When a new manager is promoted into their position, it’s typically because they’ve been good at getting things done. They’re usually outstanding performers, which is why they’ve been tapped for leadership. It can be an incredible boon to anyone’s career. But more often than not, the transition from outstanding performer to successful manager can be a difficult one.
The skillset required to be good at doing things, is quite different from the skillset required to be good at managing things. Of course time management, communication and delegation skills are required to thrive, but they’ll likely already encompass those. Unfortunately, their other skills, the skills they learned to be outstanding in their previous role, don’t always translate to being a great manager.
The key to being a great manager, and making this transition a successful one, is understanding the mindset shifts required to go from doer to manager.
New managers must go from being the person who does stuff to being the person who facilitates and supports a team of people doing stuff. They must go from thinking about getting things done themselves, to thinking about developing other people’s skills and talents so that they can get things done. They have to go from solving problems, to helping their teams solve problems, and supporting them in growing and becoming better at what they do.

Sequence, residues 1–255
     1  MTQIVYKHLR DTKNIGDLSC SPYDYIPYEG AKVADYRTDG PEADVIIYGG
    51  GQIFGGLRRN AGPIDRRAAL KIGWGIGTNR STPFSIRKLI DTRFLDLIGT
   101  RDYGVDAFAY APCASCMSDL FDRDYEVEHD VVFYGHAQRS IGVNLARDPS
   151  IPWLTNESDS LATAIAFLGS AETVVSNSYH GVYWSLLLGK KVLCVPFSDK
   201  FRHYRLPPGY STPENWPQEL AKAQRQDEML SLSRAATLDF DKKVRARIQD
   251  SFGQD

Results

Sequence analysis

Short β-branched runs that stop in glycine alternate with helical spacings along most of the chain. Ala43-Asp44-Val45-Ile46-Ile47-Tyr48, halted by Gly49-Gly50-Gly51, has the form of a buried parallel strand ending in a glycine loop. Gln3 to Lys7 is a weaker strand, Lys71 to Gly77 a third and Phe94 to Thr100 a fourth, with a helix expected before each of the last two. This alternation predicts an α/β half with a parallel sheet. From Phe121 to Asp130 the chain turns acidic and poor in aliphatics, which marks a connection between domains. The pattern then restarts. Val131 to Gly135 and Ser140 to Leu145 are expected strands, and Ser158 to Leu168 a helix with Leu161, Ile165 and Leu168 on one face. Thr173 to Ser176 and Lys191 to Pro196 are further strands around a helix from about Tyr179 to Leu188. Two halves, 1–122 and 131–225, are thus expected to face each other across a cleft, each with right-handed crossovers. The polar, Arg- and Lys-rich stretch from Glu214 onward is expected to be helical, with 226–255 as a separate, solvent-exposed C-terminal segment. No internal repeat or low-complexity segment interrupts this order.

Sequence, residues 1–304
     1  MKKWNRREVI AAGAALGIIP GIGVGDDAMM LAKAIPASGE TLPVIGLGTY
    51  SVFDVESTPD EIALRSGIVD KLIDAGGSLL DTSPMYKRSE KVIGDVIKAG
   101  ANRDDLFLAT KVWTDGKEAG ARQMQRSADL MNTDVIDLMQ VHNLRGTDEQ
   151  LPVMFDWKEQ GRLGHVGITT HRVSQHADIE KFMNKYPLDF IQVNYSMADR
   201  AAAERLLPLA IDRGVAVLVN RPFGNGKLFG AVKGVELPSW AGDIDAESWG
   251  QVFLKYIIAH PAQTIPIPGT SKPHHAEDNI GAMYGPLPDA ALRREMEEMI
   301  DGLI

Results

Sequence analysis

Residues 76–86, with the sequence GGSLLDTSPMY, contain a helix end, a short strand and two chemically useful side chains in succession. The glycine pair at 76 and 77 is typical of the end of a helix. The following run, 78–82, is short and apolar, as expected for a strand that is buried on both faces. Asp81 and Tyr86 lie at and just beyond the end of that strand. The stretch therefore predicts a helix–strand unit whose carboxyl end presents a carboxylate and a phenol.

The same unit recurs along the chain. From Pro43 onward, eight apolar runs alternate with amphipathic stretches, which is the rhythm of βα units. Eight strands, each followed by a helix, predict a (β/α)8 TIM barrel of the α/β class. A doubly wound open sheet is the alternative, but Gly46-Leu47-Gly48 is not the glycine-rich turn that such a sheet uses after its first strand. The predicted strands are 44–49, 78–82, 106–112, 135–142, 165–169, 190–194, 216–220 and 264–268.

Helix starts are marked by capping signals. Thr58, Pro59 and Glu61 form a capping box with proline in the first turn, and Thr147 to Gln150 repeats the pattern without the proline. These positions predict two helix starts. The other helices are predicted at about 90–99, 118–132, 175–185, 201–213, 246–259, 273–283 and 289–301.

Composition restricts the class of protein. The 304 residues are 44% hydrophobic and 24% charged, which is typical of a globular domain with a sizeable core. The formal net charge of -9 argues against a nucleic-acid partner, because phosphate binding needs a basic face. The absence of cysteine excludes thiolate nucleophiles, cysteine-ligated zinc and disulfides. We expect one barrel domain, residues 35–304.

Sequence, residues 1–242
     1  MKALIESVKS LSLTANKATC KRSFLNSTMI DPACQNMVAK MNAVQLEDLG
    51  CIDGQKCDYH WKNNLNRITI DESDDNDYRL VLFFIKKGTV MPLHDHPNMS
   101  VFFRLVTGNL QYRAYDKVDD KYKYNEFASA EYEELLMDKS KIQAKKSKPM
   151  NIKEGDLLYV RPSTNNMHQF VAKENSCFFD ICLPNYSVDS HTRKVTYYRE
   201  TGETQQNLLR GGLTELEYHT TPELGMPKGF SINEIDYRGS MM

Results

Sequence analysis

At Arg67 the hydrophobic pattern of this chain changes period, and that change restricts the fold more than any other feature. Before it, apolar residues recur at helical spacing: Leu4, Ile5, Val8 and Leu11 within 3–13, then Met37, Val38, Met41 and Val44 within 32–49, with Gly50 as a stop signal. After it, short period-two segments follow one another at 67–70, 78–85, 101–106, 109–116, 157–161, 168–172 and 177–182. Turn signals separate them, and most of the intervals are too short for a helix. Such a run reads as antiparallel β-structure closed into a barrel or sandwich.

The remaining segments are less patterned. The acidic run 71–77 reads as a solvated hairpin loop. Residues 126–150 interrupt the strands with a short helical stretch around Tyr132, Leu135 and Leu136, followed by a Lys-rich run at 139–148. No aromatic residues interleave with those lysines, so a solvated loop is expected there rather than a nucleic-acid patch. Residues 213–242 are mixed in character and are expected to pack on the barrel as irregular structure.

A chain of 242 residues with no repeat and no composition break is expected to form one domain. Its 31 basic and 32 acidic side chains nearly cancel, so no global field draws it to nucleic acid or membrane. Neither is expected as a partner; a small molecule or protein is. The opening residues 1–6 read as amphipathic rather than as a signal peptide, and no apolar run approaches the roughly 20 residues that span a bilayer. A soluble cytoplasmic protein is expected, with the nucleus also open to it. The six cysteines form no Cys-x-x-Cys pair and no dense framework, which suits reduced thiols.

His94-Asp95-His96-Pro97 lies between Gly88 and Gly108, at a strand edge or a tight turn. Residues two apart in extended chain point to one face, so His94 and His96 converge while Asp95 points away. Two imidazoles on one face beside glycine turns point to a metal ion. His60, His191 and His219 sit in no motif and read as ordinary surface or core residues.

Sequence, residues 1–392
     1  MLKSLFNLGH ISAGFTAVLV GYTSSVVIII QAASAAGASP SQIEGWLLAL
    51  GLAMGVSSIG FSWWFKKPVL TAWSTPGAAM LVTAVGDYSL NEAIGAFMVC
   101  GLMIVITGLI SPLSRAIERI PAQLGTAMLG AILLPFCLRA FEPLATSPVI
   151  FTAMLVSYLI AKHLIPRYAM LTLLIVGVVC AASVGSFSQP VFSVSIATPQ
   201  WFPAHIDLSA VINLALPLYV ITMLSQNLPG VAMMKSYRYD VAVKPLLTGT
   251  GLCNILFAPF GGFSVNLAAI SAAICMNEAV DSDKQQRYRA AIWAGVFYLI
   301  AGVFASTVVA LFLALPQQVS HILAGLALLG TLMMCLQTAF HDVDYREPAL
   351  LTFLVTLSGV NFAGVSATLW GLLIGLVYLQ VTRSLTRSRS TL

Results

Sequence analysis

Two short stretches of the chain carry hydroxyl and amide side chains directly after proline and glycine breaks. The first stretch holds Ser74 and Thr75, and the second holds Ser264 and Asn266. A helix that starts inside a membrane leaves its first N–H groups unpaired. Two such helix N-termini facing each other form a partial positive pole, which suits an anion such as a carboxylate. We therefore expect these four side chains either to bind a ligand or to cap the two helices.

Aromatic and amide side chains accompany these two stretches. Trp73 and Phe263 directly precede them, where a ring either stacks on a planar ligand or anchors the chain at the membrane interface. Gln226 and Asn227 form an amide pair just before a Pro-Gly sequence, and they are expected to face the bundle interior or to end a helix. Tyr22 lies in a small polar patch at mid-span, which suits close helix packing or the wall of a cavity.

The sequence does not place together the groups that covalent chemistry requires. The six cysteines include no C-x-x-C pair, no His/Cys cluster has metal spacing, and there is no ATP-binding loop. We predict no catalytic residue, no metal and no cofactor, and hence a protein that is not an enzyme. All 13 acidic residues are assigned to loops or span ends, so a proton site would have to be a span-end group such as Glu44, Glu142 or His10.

Here are a few top new managers tips and key mindset shifts to make:
From doing to serving.
As a manager, you are now focused on the needs of each team member. Your job is to help them succeed and do their best work. This will require getting to know them, understanding their strengths and weaknesses and how they get their best work done.
From player to coach.
As a manager, it is your job to challenge your team members and help them grow. Adopting a learning and growth mindset and establishing that mindset as a core value within your team is crucial. When great employees are stagnant and doing the same things for too long, they disengage and start looking for other opportunities. Your job is to create an environment where they can all succeed and grow regularly. Make them understand that you are invested in their growth and success.
From tasks to outcomes.
As a manager, your time is now more precious. The true value of your work is in how it multiplies to create gains for your team. Instead of thinking in terms of things on your own to do list, you’ll need to think in terms of what will have the biggest impact on the functioning and output of your team. Fixing problems, settling disputes, and alleviating bottlenecks are examples of time spent multiplying the output of your team. Your time is now far better spent doing things that have an impact on the team as a whole moving forward than say, tackling your administrative to do list.
The biggest challenge new managers face is shifting from outstanding individual performer, responsible for his or her own success and output, to a solid manager, responsible for the team’s success and output. If the mindset shifts above can be made as that transition begins, it will go a long way to helping them avoid common roadblocks and hit the ground running.